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August 14, 2015  RSS feed
Rabbinically Speaking

Text: T T T

The High Holiday marathon

Director of Spriritual Care, Menorah Manor

Don’t Blink! The High Holy Days are right around the corner! How is it possible that the year has flown so quickly? Weren’t we just here not so long ago? We are often stunned at how rapidly the years seem to pass.

It has often been said that the Yamim Noraim, the Days of Awe, are more of a marathon than a sprint. For anyone who runs, either competitively or just to keep in shape, you know that training for a 50-yard dash is entirely different from training for a 26.2 mile sustained run. The similarities lie in the ways in which the athlete prepares; certain foods are eaten to achieve optimum body composition, muscles are stretched to avoid injury, and proper shoes, clothing and protective gear are worn for comfort and safety. When the gun goes off to signal the beginning of the race, the runner is warmed up and ready to go, giving themselves the greatest likelihood for success.

Our Jewish “marathon” begins this year on the evening of Saturday, Sept. 5 when we recite the penitential prayers for Selichot. These verses will become very familiar to us over the next several weeks as they are often repeated throughout the liturgy in our Machzor. The prayers serve as preparation for the many hours of demanding worship in which we will soon become engaged.

Judaism offers us a wonderful “warm-up” period that comes in the form of the month of Elul, the entire Hebrew month preceding Tishre during which Rosh Hashanah and Yom Kippur fall. Beginning this year at sundown on Aug. 15, Elul paves the way for the intensity that is to come. There are the 29 days throughout which we perform Cheshbon haNevesh, an accounting of our soul. We review the past year and the ways in which we may have wronged others and “missed the mark” in being the best that we could be. We perform teshuvah, the act of returning to our better selves by acknowledging our wrongdoing to those whom we have hurt and asking forgiveness. We become more cognizant of our behavior and promise to not repeat the harm which we might have inflicted before. In all these ways, Elul becomes the “stretching” before the big race and serves to add meaning to the Days of Awe.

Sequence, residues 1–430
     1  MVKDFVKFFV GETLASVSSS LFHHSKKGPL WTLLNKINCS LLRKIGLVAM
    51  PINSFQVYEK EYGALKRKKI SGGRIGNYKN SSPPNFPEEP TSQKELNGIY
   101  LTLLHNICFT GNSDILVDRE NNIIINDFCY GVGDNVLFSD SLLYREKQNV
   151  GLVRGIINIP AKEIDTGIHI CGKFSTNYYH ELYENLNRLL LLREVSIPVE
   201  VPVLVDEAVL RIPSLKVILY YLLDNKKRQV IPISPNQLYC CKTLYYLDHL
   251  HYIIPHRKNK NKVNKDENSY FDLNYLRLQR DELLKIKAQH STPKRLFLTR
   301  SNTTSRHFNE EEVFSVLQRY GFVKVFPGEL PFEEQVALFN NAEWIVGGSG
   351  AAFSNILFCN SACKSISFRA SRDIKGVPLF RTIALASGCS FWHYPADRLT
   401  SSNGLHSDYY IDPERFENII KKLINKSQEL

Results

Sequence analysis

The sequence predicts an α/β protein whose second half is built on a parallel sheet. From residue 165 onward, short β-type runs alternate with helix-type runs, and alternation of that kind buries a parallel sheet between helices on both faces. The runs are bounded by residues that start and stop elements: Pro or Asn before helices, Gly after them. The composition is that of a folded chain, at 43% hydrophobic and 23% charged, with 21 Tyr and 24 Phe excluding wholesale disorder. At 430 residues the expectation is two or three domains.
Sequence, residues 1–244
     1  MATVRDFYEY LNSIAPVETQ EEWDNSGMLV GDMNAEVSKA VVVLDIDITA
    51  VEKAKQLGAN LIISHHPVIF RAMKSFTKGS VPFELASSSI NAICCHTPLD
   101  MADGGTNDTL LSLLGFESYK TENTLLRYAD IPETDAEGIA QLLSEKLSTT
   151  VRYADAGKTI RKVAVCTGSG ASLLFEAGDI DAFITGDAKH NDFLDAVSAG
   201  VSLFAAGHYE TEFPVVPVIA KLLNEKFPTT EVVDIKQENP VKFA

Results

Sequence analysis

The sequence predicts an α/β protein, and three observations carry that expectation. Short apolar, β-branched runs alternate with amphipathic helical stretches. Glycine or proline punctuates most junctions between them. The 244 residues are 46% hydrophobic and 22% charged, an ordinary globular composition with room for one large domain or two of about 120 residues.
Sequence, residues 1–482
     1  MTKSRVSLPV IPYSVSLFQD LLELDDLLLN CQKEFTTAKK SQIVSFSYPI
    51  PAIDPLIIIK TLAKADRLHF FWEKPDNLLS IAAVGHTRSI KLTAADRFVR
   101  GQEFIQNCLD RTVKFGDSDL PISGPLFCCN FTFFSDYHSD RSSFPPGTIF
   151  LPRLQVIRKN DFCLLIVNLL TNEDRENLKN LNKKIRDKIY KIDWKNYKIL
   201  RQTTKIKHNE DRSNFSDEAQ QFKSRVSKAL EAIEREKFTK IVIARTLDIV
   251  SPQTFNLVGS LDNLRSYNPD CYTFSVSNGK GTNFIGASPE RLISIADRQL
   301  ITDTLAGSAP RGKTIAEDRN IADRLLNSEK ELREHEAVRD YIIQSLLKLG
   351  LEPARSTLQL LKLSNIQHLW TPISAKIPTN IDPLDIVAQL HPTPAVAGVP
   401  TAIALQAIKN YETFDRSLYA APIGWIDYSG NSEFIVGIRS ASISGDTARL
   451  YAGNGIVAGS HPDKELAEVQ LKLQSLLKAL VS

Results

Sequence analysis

The ancient rabbis noted that the word Elul itself, shows what God had intended in giving us these 29 days for preparation. In Hebrew, Elul is spelled Aleph, Lamed, Vahv, Lamed. These are also the first four letters of the verse from Song of Songs, “Ani l’dodi, v’dodi li,” I am My Beloved’s and my Beloved is Mine.” The rabbis tell us then, that the month Elul is actually a gift from God to the Jewish people in the form of a love poem, showing God’s affection for us and allowing us this period of reflection. We are able to get some of the “training” done without having to enter the main event without having “warmed-up.” This is indeed a gift, one for which we should be grateful and use to our best ability.

Here’s wishing you a Sweet New Year filled with health, happiness and peace!

The Rabbinically Speaking column is provided as a public service by the Jewish Press in cooperation with the Pinellas County Board of Rabbis. Columns are assigned on a rotating basis by the board.

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